The United States has also provided material support in support of TFG forces.

Somali Piracy in the Horn of Africa

I will now speak briefly to the issue of piracy in the Horn of Africa.

Somali pirates have intensified their attacks in the Gulf of Aden, carrying out attacks on over 111 commercial ships, and successfully hijacked an estimated 40 ships in 2008.

According to the International Maritime Bureau (IMB), piracy in the first quarter of 2009 has surpassed that of 2008. According to IMB, “in 2008, there were 111 incidents including 42 vessels hijacked. So far in 2009, there have been 29 successful hijackings from 114 attempted attacks.” In January-February 2009, Somali pirates released several ships, including a Japanese-owned ship, MV Chemstar, and the MV Faina.

  • The pirates have reportedly earned more than $120 million in ransom payments, and in return have released a number of ships and crew members.

On December 16, 2008, the United Nations Security Council passed a resolution authorizing the use of “all necessary measures” by foreign military forces to stop piracy in Somalia.

  • The resolution authorizes military operations inside Somalia and in its airspace for one year, with the consent of the TFG.

The United States, Russia, India, and several other countries have deployed warships to tackle piracy in the Horn of Africa region. In February 2009, the U.S. Navy arrested 16 suspected Somali pirates.

In December 2008, the Indian Navy reportedly arrested 23 Somali and Yemeni pirates. Moreover, the Russian Navy also arrested a number of suspected Somali pirates. In January 2009, the United States and Britain signed legal agreements with the Government of Kenya to extradite suspected pirates to be prosecuted in Kenya. Some insurgent leaders have warned the pirates to end the piracy and to release crew members and ships currently controlled by the pirates.

Who Are the Pirates?

The number of Somali pirates is unknown. While there are more pirates now than previous years, the pirates do not seem to have a unified organization with clear command structure. Many of these pirates are reportedly fishermen and former militia members of the Somali warlords. The pirates primarily come from Puntland region of Somalia and are members of different clans.

Some press reports have suggested that the pirates are being controlled and directed by the Islamic insurgents in south-central Somalia. I am not aware of any evidence, however, to support this assertion.

What do Somalis say about the piracy problem? Some Somalis view the piracy crisis as a foreign problem with little impact on their daily life. Some argue that the piracy problem will continue as long as the ship-owners are willing to pay the pirates ransom.

In the face of difficult economic conditions and growing humanitarian crisis, many Somalis resent the fact that the piracy problem has received a great deal of international attention. Some Somali community leaders contend that some Somalis get involved in criminal activities in order to survive, while many others have made these kinds of criminal activities a lifetime profession. Many Somalis contend that in the absence of a better alternative, they have come to accept life with all the difficulties they face daily.


Some Somalis argue that the fishermen have become pirates because their way of life was destroyed by illegal fishing and toxic waste dumping that has been ignored by foreign governments.

In 2005, the United Nations Environment Program (UNEP) released a report documenting the damages resulting from toxic waste dumping on Somalia’s shores. According to a UNEP spokesman, “there’s uranium radioactive waste, there’s lead, there’s heavy metals like cadmium and mercury, there’s industrial waste, and there’s hospital wastes, chemical wastes, you name it.”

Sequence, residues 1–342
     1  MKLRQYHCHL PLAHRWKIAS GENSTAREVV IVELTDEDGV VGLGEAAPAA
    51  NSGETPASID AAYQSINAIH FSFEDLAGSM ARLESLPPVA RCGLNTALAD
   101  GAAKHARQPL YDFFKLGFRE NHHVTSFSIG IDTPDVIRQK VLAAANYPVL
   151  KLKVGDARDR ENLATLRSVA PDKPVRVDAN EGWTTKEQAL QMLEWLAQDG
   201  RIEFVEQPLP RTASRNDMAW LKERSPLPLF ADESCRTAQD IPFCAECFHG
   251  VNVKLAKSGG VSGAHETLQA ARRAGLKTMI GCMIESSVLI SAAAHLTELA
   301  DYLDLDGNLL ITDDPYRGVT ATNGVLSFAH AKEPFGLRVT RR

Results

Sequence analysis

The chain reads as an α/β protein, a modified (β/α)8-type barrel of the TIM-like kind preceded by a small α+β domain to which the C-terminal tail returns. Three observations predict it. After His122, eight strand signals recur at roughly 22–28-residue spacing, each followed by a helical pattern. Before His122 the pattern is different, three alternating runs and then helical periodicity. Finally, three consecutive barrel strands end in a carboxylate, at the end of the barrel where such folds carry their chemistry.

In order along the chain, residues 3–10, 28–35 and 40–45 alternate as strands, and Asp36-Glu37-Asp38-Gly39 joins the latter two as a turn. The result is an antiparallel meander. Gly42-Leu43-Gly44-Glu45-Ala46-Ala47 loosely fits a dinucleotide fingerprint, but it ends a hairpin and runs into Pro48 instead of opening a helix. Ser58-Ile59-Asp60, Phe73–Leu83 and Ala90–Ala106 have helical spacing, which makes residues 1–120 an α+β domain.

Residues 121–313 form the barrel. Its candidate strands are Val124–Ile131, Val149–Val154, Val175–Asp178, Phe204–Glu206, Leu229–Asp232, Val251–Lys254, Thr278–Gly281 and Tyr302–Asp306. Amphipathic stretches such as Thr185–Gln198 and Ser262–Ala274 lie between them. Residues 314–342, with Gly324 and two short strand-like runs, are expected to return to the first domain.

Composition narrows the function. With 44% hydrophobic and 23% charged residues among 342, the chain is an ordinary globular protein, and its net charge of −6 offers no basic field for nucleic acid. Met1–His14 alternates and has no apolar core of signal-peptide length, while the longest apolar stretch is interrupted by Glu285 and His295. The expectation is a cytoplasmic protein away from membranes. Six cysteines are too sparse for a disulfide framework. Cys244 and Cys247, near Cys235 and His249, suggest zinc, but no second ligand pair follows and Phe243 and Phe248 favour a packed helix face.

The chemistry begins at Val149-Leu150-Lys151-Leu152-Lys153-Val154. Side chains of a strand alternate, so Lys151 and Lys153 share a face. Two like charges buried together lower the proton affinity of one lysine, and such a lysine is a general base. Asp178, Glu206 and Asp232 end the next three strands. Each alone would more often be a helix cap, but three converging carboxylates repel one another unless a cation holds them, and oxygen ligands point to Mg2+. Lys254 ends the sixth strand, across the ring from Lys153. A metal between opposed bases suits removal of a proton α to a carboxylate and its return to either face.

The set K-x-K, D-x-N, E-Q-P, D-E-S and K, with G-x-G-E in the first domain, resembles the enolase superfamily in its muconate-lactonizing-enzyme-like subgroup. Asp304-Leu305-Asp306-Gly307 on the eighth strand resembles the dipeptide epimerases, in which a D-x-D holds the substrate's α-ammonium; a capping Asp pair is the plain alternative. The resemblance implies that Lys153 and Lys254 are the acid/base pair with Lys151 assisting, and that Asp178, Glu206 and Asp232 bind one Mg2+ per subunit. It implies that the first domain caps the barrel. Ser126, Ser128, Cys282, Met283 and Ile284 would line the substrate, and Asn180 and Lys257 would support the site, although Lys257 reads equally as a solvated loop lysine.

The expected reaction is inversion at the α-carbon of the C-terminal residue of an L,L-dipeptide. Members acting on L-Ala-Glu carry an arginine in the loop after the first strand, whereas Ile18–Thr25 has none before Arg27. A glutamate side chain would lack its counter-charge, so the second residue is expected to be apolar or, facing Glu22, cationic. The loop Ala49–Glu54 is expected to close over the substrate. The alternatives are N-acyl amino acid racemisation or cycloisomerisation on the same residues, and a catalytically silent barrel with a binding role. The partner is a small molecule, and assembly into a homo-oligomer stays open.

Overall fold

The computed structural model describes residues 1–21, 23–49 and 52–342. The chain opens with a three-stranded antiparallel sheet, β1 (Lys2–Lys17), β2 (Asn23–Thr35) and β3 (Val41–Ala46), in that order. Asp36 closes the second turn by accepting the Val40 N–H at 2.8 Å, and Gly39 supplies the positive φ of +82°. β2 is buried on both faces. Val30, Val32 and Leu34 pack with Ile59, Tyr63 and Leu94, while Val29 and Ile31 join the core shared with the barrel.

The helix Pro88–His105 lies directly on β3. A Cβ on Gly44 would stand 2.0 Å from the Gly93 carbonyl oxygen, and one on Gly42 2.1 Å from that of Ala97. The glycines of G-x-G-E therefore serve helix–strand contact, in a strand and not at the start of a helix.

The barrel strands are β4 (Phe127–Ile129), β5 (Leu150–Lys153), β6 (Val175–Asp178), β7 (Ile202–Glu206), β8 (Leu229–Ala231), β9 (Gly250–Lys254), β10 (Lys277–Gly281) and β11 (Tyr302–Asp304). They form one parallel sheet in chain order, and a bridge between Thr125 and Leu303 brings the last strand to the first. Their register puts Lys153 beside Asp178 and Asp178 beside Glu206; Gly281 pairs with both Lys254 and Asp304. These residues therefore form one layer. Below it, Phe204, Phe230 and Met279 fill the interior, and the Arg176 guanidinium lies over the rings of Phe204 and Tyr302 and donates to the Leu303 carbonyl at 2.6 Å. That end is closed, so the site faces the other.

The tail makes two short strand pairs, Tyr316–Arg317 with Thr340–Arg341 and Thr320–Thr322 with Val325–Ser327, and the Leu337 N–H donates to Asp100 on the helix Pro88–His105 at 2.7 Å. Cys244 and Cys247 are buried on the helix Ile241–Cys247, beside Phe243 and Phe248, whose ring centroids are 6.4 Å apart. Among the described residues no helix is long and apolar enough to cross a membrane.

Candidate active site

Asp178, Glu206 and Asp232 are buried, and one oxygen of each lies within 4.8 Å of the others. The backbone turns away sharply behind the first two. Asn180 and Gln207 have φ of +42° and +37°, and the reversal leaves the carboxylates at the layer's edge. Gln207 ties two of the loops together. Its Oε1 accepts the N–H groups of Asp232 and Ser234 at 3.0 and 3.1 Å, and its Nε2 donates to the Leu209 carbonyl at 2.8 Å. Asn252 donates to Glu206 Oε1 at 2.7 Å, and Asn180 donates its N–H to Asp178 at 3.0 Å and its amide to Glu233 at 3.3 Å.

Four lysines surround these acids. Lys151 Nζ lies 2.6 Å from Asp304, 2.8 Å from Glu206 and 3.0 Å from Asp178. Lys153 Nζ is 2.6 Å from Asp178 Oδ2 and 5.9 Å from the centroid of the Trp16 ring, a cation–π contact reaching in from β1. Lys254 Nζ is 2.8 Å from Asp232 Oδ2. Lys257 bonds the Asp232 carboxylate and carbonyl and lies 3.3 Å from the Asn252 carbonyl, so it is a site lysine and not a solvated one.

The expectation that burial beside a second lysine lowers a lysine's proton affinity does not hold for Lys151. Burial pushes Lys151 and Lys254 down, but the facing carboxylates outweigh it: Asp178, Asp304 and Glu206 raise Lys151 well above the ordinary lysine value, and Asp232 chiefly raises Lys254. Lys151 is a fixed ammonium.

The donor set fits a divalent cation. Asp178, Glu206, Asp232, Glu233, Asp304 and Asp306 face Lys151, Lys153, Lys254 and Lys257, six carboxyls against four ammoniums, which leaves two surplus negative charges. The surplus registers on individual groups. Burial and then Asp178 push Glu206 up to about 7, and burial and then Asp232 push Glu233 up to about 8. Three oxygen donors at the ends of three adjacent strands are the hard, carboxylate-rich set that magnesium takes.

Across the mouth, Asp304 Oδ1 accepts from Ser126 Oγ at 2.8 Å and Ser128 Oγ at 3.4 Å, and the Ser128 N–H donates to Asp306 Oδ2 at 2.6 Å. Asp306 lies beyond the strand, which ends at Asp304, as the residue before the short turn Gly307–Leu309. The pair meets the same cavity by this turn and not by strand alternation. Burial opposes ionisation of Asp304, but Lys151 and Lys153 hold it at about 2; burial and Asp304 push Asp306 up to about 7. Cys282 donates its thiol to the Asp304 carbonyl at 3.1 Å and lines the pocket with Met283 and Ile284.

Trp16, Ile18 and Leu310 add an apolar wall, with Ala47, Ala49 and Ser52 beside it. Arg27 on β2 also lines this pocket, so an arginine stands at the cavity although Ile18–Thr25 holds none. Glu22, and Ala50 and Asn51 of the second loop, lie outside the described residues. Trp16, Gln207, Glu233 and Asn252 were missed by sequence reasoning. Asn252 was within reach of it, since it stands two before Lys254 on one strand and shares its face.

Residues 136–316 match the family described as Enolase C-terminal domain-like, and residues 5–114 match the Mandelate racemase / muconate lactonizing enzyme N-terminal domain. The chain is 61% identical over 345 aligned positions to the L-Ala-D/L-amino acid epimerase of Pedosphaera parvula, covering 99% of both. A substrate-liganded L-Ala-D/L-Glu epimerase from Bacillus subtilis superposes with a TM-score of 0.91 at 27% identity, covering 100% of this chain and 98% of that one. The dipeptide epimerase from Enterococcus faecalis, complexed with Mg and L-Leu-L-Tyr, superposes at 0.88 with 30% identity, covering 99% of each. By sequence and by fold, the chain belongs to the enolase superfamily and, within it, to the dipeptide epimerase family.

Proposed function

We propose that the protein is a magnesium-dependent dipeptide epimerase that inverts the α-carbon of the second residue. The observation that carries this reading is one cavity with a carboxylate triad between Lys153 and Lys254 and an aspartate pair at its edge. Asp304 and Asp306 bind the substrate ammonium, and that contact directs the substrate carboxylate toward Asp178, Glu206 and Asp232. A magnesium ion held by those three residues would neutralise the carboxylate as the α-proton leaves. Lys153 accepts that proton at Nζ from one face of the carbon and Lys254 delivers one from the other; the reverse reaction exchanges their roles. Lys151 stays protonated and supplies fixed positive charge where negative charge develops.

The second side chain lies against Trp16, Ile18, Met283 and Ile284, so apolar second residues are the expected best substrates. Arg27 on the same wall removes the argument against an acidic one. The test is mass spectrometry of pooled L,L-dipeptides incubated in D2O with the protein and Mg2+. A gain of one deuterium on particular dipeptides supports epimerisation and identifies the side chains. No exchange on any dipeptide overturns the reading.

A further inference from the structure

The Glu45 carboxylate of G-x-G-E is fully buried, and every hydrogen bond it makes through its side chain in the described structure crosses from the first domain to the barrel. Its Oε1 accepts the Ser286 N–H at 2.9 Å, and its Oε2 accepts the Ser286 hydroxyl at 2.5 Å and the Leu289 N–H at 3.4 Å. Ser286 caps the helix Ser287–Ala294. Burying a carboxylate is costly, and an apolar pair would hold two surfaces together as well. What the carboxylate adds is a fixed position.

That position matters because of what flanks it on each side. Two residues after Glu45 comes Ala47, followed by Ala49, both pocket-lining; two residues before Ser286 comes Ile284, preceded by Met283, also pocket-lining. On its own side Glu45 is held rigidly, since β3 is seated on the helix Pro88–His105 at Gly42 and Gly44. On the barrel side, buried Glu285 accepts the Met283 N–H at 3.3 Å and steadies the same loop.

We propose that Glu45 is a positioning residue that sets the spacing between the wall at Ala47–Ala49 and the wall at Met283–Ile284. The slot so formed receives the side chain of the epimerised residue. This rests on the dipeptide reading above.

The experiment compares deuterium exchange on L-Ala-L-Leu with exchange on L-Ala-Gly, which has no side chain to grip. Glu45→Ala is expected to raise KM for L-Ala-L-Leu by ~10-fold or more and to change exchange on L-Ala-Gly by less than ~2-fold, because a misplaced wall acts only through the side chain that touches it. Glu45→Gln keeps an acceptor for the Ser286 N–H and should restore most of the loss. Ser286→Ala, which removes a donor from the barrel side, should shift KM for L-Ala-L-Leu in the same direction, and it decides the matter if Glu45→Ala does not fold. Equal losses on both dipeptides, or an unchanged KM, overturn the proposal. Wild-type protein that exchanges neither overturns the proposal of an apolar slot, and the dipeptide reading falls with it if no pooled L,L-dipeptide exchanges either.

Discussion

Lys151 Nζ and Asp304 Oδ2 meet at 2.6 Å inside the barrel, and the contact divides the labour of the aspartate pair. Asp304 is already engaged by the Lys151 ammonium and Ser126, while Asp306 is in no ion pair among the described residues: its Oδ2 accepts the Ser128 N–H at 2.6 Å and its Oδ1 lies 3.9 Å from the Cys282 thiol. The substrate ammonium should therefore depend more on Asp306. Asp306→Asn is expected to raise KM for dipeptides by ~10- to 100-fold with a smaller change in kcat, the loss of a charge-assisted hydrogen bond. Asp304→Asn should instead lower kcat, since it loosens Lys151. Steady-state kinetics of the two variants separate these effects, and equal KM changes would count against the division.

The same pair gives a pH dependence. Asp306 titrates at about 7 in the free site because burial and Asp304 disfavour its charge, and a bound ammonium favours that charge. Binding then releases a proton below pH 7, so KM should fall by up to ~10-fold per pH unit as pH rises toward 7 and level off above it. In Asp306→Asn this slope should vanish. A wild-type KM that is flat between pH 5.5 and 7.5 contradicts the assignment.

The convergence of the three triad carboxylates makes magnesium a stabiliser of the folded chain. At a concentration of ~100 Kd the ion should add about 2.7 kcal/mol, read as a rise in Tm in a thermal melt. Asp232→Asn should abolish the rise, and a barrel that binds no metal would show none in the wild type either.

According to the report, the primary reason for toxic dumping in Somalia is cost. The report states that it costs $2.50 per ton to dump toxic waste in Africa compared to $250 per ton to dump waste in Europe.


Policy Options in Dealing with Political and Security Problems

The current government in Mogadishu is generally seen as the last defense against the extremist and terrorist groups currently waging war in south-central Somalia. Effective policy options available to deal with these threats are limited.

The international community may consider engagement with the Islamic insurgents and clan elders to deal with the political and security problems facing Somalia. Regional and U.S. officials are convinced that it is pivotal to strengthen the moderate elements of the Islamic movements. Most observers believe that the Al-Shabaab can only be contained by another Islamic movement supported by clan elders.

  • Some Al-Shabaab leaders are determined to continue their military campaign and are not inclined to participate in negotiations. Targeted measures, including sanctions and other measures against the most extreme elements of Al-Shibaab, might pave the way for other moderate leaders to emerge.
  • However, others believe that harsh or violent measures are likely to backfire in the short term and increase anti-western violence.

A more effective option for containing the extremists may be to look for a Somali-led solution. The TFG, Somaliland, Puntland, and other moderate Somali forces could possibly form a coalition to contain the advances of the most extreme elements of the Al-Shabaab politically and militarily.

Such a coalition is likely to get the support of the Somali population. A Somali-led initiative would take away one of the most powerful justifications used by the Al-Shabaab to wage war, the presence of foreign forces. Most observers agree, however, that a unified regional approach is pivotal, however.

In conclusion, there appear to be no easy solutions or options to bring a lasting peace in Somalia. Somalis continue to make great sacrifices to achieve this objective. There is a very telling Somali proverb: The best bed that a man can sleep on is peace. Thank You.

The Rest @ All Africa.com

U.S. Ships Weapons to GovtSomalia: U.S. Ships Small Arms, Munitions to Govt Somalia: U.S. Providing Govt With Arms, Ammunition Somalia: Background Briefing on U.S. Assistance to the Transitional Federal Government Eritrea: Govt Reacts to U.S. Arms Shipment to Somalia